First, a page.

Bill Cartmell, Instructor

Cell: (480) 518-3055
White Crane Tai Chi
History of Tai Chi
The history of Tai Chi Chuan (Grand Ultimate Fist) has many origins and legends.  The most popular legend is that Tai
Chi was created by Zang, San-Feng, (960-1280 A.D.).  Zang, San-Feng was a Shaolin monk and a master in the five
animal form of Kung Fu. Zang, San -Feng left the Shaolin Temple and lived for many years at the WuDang Temple
learning the internal arts of Taoist Qigong that the Temple was famous for. After watching a fight between a crane and a
snake he came up with the idea of a new martial art.  He based his new Tai Chi fighting style on Shaolin White Crane,
Snake and Dragon fighting techniques combined with the internal power of Qigong.

The art later made its way to the Chen village, which was close to WuDang Mountains.  Jiang Fa, a monk at the temple, is
credited with teaching the Chen family members. At the time, the art was not referred to as Tai Chi, but was called Zhao
Bao. This art used deep postures and was performed slowly. The art was perfected by the Chen family members and kept
secret from outsiders for generations.

Eventually Yang Lu Chan, who was a houseboy for the Chen family, learned the art.
Although there are many different versions of this, this is the most popular version: Every evening the Chen family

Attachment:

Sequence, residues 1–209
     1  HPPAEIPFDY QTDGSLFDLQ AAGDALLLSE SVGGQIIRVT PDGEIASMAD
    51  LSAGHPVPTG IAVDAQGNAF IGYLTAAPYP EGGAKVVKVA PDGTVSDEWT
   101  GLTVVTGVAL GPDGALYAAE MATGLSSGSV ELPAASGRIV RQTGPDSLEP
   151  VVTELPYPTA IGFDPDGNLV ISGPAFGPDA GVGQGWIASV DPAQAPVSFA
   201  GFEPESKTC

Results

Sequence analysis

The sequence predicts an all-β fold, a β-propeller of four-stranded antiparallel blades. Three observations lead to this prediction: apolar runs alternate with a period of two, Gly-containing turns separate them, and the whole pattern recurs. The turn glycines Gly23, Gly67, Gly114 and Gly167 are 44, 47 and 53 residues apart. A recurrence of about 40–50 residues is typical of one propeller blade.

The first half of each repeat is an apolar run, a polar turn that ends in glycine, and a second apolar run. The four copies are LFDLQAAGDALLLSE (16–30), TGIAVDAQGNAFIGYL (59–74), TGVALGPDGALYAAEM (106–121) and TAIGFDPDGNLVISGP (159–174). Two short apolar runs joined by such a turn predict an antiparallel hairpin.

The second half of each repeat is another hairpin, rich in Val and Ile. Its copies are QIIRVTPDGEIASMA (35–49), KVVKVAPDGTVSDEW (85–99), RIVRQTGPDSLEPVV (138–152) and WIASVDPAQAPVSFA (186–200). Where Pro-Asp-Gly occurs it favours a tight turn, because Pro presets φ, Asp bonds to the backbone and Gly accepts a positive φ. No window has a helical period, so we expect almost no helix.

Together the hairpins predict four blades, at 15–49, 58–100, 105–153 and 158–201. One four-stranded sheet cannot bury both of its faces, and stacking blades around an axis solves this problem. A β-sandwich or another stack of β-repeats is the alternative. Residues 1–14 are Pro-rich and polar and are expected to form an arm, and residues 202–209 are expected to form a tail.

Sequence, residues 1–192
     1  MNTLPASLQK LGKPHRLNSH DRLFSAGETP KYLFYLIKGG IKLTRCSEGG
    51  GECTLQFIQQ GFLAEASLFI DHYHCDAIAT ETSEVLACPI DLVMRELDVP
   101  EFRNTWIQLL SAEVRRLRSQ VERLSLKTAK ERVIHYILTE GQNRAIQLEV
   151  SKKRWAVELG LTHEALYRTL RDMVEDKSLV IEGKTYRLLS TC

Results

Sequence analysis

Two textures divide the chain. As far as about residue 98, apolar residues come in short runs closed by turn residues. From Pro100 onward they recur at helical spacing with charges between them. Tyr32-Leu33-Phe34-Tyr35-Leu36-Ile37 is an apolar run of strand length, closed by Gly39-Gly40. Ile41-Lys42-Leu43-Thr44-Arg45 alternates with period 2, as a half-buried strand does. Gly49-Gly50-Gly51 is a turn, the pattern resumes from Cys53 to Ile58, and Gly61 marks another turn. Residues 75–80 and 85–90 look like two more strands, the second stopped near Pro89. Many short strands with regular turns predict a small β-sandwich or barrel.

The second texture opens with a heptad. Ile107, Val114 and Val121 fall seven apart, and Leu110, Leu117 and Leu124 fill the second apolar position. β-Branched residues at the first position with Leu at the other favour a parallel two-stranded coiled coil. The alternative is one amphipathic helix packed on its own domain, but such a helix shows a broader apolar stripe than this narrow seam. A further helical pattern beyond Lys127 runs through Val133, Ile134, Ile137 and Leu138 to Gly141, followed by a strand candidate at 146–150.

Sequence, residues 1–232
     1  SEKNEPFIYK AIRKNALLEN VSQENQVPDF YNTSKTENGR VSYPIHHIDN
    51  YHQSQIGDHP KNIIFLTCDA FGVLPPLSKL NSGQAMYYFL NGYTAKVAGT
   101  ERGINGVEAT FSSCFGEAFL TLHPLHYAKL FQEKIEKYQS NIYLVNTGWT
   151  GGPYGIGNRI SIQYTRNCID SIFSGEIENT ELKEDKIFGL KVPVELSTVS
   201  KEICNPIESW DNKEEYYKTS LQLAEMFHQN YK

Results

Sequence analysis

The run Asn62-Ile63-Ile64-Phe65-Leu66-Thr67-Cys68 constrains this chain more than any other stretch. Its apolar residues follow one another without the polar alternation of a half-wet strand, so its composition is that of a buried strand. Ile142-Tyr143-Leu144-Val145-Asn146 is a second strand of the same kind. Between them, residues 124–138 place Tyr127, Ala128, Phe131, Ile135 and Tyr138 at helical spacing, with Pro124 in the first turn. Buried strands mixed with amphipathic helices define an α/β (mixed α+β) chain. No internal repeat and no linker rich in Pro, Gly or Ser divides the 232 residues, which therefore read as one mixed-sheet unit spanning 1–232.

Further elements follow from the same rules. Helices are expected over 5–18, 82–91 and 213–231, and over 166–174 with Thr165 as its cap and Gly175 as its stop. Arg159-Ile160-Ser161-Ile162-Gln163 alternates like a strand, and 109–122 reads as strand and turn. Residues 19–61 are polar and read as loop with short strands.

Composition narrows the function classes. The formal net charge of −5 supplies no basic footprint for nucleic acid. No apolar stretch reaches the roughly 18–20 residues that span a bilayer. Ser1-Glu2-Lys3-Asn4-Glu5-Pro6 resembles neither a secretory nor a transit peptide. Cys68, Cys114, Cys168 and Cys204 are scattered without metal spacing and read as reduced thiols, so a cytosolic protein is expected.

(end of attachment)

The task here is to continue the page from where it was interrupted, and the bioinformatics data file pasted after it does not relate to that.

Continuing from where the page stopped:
members would practice under the guidance of their grandfather,  Chen Chang Xin. There was a walled courtyard, so no
one could see their techniques.  Yang Lu Chan was very curious and secretly climbed the wall to observe the practice
sessions. Afterwards, he would secretly practice on his own. Eventually, he got caught. He was invited to join the other
family members and Chen Chang Xin found Yang Lu Chan had surpassed many of the Chen family members. He began to
teach Yang Lu Chan privately to show him the inner workings of the Chen family art.

Yang Lu Chan was recommended to teach at the Imperial court. While there the art was known as Mien Quan (Cotton Fist)
or Hua Quan (Neutralizing Fist). Later, a scholar by the name of Ong Tong was so impressed with the way Yang Lu Chan
executed and performed his techniques that he wrote a verse to embody the motions that he saw.  From that point on, the
art became known as Tai Chi.  Since Yang Lu Chan was the teacher, the art was specifically called Yang’s Tai Chi.

When Yang Lu Chan began teaching at the Imperial Court, he had to modify the routine to accommodate the long robes of
his students to make it more effective in combat. He created a smaller frame of the original form. The movements were
smaller, which allowed the movements to be performed more easily and faster in combat while wearing the long ceremonial

Quan Yu (1834 - 1902) was one of Yang Lu Chan’s top students. He created his own form of Tai Chi based on the smaller
Yang movements. The art became known as Wu Jian Quan named after his son of the same name, Wu Jian Quan (1870 -
1942). He started teaching his style of Tai Chi at the Chen Wei Ming’s Zhi Rou Association in Shanghai along with the
famous master Yang Cheng Fu. Wu Jian Quan continued to develop his skills and improve his art. Later he added a faster
version of the form to improve flow and internal strength.

Today there are many popular styles of Tai Chi. Most are named after the practitioners that modified them. The most
popular styles today are Yang, Chen, Wu and Sun. Of course there are many derivatives of these forms.